Plants water-use strategies are driven by plant functional traits (PFT) (examples are leaf size, toughness and longevity, seed size and dispersal mode, canopy height and structure, capacity for nitrogen fixation) (Mitchell et al., 2008) and in recent years, plant-physiology studies provided an increasingly detailed knowledge of plants behaviour (Schymanski and Or, 2017), but only some of them started to be inserted in ecohydrological models (e.g. Fatichi et al., 2016). Models simulating plant-hydraulic processes are still rare and confined to specific studies (Hölä et al., 2009; Mackay et al., 2015; Nikinmaa et al., 2014). Other studies account explicitly for topographic attributes and lateral water and mass exchanges (Ivanov et al., 2008; Shen et al., 2013; Tague et al., 2013), but their treatment of plant processes is often oversimplified (Zhou et al., 2013). In mountain terrain, even the effect of plot-scale (0.01-0.1 km2) spatial variability of the energy fluxes is still largely not understood (Rollinson and Kaye, 2015) notwithstanding pioneering stud- ies which account for various feedbacks are available, which show that vegetation productivity and water use do not change linearly through spatial gradients (Niedrist et al., 2016).
Research questions addressed
  1.  How specific plant water-use strategies can be implemented in hydrological models ?,
  2. Which is the relative role of biotic (PFT) versus abiotic (soils, topography, climate) processes in determining the spatial and temporal variability of ET and soil water?
  3.  Which is the right level of complexity necessary in models to upscale R3 results from plants to catchments?
  4. How to take advantage of a combination of advanced multi-sensor, multiscale observations to constrain eco-hydrological models and improve their spatial accuracy?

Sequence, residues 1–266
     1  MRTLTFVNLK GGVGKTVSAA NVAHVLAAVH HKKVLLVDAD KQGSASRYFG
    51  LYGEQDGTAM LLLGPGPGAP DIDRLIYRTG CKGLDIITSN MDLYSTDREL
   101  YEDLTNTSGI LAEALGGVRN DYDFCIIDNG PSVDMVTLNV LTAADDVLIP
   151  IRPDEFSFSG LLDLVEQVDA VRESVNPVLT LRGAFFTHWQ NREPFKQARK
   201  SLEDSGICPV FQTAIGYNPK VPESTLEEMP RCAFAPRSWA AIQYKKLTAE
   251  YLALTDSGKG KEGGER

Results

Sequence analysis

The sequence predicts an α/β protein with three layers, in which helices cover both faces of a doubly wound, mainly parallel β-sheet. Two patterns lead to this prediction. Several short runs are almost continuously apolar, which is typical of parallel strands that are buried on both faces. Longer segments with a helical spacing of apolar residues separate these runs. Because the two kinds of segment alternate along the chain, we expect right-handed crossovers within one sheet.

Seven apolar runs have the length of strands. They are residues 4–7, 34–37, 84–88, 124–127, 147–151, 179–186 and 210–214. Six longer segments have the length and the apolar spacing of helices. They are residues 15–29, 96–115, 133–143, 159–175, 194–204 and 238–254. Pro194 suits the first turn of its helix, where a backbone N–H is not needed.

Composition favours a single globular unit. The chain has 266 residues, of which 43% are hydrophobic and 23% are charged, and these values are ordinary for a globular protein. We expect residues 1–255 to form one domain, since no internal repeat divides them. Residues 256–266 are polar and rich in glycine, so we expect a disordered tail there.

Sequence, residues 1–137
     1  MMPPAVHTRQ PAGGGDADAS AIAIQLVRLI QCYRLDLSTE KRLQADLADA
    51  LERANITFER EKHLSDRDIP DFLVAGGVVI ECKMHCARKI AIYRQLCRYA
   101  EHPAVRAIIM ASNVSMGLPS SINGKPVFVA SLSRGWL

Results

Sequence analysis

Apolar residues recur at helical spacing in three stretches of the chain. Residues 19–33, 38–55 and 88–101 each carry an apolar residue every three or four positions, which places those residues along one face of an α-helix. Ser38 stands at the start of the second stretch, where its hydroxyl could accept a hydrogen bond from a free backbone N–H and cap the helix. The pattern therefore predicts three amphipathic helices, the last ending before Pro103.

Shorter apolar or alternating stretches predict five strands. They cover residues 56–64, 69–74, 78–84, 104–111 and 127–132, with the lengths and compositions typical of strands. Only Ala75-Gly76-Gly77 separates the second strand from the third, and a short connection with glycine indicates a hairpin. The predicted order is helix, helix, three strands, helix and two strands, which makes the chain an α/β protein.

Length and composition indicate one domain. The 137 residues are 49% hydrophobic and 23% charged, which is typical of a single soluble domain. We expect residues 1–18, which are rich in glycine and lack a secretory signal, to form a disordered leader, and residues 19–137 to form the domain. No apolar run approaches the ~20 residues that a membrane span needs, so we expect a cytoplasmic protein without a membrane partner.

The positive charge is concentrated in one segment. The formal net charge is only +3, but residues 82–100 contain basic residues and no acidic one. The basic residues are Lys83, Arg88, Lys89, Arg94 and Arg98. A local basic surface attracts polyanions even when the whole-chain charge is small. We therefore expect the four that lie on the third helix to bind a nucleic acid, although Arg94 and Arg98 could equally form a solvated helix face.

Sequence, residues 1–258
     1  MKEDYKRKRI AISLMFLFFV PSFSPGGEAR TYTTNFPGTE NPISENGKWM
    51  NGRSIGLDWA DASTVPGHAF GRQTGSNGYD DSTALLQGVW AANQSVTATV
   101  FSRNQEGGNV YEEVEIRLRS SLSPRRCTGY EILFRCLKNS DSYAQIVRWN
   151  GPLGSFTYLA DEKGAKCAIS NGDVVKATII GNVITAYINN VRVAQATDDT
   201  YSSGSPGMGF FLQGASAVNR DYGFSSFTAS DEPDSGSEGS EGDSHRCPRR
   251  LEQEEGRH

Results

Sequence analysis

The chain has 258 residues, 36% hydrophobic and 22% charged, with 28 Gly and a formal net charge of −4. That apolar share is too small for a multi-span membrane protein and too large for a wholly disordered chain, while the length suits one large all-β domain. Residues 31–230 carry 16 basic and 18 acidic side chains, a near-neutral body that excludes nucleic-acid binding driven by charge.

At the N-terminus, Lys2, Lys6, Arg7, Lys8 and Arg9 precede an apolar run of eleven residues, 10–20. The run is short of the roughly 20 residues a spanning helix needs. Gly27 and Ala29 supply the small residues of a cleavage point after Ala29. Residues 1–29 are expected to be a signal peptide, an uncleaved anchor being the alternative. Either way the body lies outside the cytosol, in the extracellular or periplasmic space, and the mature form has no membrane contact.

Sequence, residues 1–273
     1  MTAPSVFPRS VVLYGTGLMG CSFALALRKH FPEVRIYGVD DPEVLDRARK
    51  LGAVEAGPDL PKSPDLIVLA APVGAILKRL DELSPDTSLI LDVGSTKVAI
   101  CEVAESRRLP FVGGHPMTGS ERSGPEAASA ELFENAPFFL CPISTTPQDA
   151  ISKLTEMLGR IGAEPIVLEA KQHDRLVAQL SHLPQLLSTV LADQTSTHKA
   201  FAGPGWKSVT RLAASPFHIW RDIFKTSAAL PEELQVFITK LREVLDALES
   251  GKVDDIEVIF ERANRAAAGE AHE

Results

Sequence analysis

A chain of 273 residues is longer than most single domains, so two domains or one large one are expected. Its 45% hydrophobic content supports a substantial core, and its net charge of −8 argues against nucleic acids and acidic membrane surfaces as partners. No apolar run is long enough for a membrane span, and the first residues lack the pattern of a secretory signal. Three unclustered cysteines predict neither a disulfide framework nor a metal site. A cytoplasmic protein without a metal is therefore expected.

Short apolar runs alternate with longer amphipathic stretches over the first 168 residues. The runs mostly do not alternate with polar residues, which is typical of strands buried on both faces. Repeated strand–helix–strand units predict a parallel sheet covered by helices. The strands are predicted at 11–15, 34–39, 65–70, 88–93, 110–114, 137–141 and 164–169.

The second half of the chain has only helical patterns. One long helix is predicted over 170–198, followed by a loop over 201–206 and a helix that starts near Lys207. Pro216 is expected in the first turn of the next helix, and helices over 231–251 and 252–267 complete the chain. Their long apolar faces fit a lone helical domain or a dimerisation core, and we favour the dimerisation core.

5. How to leverage recent theories of transport to implement the solutes dynamics in plants ?

Other information

The candidate will take care of implementing, besides the code, the appropriate procedures for continuous integration of the evolving source code, and s/he will be also asked to maintain a regular rate of commits to the common open platform. Despite these conditions, and being free and open source, the code will be intellectual property by the coder. This will be guaranteed also by the components-based infrastructure offered by OMS3, which allows to better define the contributions of anyone.
The implementation part will be followed, accompanied by testing activities, either for mathematical consistency, and for physical consistency with experiments and field measurements.
The Ph.D. student is intended to produce, besides working and tested codes, also at least three papers in major journals (VQR Class A), of which, at least one as first Author.
All the code developed will be done in Github (or similar platform), inside the GEOframe community and will be Open Source according to the GPL v3 license.